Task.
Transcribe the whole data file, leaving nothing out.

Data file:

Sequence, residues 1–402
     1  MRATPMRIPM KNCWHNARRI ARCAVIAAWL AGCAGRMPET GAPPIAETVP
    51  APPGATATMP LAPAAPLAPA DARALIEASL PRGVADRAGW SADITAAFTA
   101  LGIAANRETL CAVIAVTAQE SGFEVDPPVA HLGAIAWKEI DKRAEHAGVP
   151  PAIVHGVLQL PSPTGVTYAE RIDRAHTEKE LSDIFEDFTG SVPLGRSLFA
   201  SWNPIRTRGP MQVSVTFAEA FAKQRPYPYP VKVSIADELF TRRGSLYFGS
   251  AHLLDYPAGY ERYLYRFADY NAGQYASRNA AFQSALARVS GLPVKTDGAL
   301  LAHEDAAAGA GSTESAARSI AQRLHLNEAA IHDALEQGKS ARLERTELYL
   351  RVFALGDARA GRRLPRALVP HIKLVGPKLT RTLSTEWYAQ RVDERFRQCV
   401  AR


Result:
Sequence, residues 1–402
     1  MRATPMRIPM KNCWHNARRI ARCAVIAAWL AGCAGRMPET GAPPIAETVP
    51  APPGATATMP LAPAAPLAPA DARALIEASL PRGVADRAGW SADITAAFTA
   101  LGIAANRETL CAVIAVTAQE SGFEVDPPVA HLGAIAWKEI DKRAEHAGVP
   151  PAIVHGVLQL PSPTGVTYAE RIDRAHTEKE LSDIFEDFTG SVPLGRSLFA
   201  SWNPIRTRGP MQVSVTFAEA FAKQRPYPYP VKVSIADELF TRRGSLYFGS
   251  AHLLDYPAGY ERYLYRFADY NAGQYASRNA AFQSALARVS GLPVKTDGAL
   301  LAHEDAAAGA GSTESAARSI AQRLHLNEAA IHDALEQGKS ARLERTELYL
   351  RVFALGDARA GRRLPRALVP HIKLVGPKLT RTLSTEWYAQ RVDERFRQCV
   401  AR